By Haley Golich, RD

We all experience stressors in our lives. School, work, health concerns, and relationships can all become sources of stress at one point or another. Unfortunately, these stressors can often lead to a propensity for overeating, thus increasing the likelihood of unhealthy weight gain. Read on to learn about why stress can contribute to weight gain and how to effectively manage the stressors in your life.

The science of stress and weight gain

When our body goes through an acute bout of stress, our “fight or flight” hormone, adrenaline, is produced. This restricts blood flow to the digestive system causing a short-term decrease in appetite. However, once adrenaline production decreases, cortisol production increases, leading to a subsequent increase in appetite. This biological response makes perfect sense when we consider our origins as hunter-gatherers, but becomes a problem when we consider all of the stressors that many face in today’s world. Chronic stress can lead to a chronic secretion of cortisol and, subsequently, an increase in hunger.

This increase in hunger is only one piece of the cortisol problem. Studies have suggested that increased cortisol secretion may lead to increased ghrelin secretion, our body’s “hunger hormone.” Cortisol also acts to mobilize fat stores and relocate them to visceral fat. This is the fat deep in our abdomen that surrounds our vital organs…and the most worrisome. Individuals with high levels of cortisol production are also increasingly more likely to select highly palatable foods like those high in fat, sugar, and calories. These factors further compound the problem and shine light on just how detrimental chronic stress can be for our health and our waistline.

So, what can we do about it?

While there are countless strategies we can employ to help us better manage stress, it is important to first address our perspective. This starts with focusing on what we can control.

Our lives are full of things we have no control over. For example, we may be concerned about our parents’ health, the current political climate, or what our co-workers think about our work performance. However, we clearly have little to no influence over these things. When we become too focused on things that are outside of our control, our “concern” can quickly grow and become stress. Alternatively, when we become responsible for our own lives and focus only on issues within our control, we can proactively take steps to prevent stress from building. Take a moment to think about some of the biggest stressors in your life. Ask yourself, “Of these stressors, what is in my control and what is out of my control?” It is important to recognize what is our responsibility, what we can do to positively impact that responsibility, and then let go of the outcome and practice acceptance. Real serenity comes to those who accept life on life’s terms.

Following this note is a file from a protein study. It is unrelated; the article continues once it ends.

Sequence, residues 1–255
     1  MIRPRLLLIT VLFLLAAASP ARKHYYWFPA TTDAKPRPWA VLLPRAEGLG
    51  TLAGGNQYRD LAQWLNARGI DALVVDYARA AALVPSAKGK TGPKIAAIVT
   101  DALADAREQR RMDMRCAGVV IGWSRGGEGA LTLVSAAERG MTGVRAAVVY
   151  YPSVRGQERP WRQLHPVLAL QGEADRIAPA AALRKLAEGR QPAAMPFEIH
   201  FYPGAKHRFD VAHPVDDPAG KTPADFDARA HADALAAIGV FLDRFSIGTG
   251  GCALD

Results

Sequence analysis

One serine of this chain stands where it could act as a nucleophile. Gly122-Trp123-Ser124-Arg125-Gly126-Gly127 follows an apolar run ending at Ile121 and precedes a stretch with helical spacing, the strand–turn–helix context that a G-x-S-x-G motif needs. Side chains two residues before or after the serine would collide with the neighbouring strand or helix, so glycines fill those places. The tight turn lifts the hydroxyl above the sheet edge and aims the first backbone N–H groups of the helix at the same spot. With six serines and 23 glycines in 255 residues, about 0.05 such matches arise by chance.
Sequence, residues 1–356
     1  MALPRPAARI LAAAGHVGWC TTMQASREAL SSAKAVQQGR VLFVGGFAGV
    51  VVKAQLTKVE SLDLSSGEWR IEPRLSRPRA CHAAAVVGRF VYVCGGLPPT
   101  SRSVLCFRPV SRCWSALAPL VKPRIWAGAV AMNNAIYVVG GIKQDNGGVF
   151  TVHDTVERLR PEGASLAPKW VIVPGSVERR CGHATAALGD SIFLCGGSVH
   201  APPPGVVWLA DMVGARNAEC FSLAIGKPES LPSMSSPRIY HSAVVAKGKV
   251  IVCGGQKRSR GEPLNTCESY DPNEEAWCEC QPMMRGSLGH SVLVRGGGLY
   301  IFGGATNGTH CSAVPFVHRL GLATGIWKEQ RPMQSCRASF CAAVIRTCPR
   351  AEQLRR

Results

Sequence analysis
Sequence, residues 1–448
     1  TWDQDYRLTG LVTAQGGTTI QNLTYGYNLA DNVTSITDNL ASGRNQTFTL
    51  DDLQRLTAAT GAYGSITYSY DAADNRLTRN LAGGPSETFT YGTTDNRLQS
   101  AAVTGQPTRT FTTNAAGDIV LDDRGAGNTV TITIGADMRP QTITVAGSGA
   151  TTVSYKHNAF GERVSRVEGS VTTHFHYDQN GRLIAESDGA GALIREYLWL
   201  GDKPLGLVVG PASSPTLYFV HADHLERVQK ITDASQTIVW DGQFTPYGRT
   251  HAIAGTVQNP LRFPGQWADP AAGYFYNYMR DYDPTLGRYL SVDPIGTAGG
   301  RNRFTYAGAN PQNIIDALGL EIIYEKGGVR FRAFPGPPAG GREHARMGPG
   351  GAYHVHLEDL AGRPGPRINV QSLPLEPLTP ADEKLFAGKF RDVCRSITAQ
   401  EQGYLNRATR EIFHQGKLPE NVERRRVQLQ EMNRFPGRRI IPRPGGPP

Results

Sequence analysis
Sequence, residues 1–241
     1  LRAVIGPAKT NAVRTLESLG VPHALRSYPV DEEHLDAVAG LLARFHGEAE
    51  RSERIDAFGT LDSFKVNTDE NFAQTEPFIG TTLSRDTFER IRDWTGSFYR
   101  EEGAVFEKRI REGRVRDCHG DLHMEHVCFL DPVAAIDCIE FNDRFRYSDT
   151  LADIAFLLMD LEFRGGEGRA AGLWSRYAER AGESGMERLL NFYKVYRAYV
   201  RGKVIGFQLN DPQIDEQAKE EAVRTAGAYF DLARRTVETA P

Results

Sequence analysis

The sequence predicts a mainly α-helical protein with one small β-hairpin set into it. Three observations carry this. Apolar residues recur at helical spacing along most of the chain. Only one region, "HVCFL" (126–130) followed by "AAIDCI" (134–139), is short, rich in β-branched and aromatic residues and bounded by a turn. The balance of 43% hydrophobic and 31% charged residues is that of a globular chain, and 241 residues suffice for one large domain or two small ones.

When we address our stress level, it is important to practice an attitude of gratitude. Becoming preoccupied with life’s stressors can cause us to lose sight of all that we have to be grateful for. For most of us, this means a roof over our heads, good quality food on our table, clean water in our cups, and so much more. We must not lose sight of just how fortunate we all really are, which helps to put these perceived stressors into perspective.

Stress Management Tips

Even with the right perspective, stress can still manifest itself in our lives. Consider practicing some of the following strategies to help manage stress and work towards a healthier, happier life.

Get your sleep: Studies have shown that sleep deprivation can promote the expression of genes related to weight gain and obesity. Unfortunately, stress and sleep challenges can become a vicious cycle, with sleep deprivation leading to higher levels of stress and thus poor quality sleep. Aim to get at least 7 hours of sleep per night and stick to the same sleep routine on weeknights and weekends.

Exercise daily: Formal exercise and NEAT help to lower stress hormones such as cortisol and release endorphins that naturally improve your mood. Commit to exercising each and every day as a part of your stress management regimen. Talk with your trainer about the exercise prescription that is right for you.

Keep track of the “Why” behind your eating: When you find yourself mindlessly reaching into the chip bowl or perusing the fridge late at night, stop and ask yourself “Why am I choosing to eat right now? Am I really hungry?” You might recognize that you are eating for the wrong reasons, like boredom, relaxation, social cues, or simply as habit. The more you can recognize these habits/reasons why, the more you can address the root cause in a healthier and more effective way.

Find healthy alternatives: If you tend to grab for sweet or salty snacks when you are stressed, consider swapping these food items for a healthy alternative. Try frozen Greek yogurt in place of ice cream, fruit in place of a piece of candy, or some dry roasted edamame in place of potato chips. These healthy swaps will not only be better for your waistline, but they are packed with nutrients like protein and fiber which keep you satisfied for longer.

Take a digital detox: We all need time for leisure activities. Leisure time helps us to decompress and recharge. However, using screen time as our sole source of leisure can lead to decreased sleep quality and increased stress levels. Consider instead taking time each week to take part in leisure activities like reading a book, taking a hot bath, meditating, or listening to your favorite music.

With a new perspective and a proactive approach to stress management, we can finally say no to letting stress dictate our life and our waistline.

Haley Golich, RD is One on One’s Director of Nutrition Services. Contact her at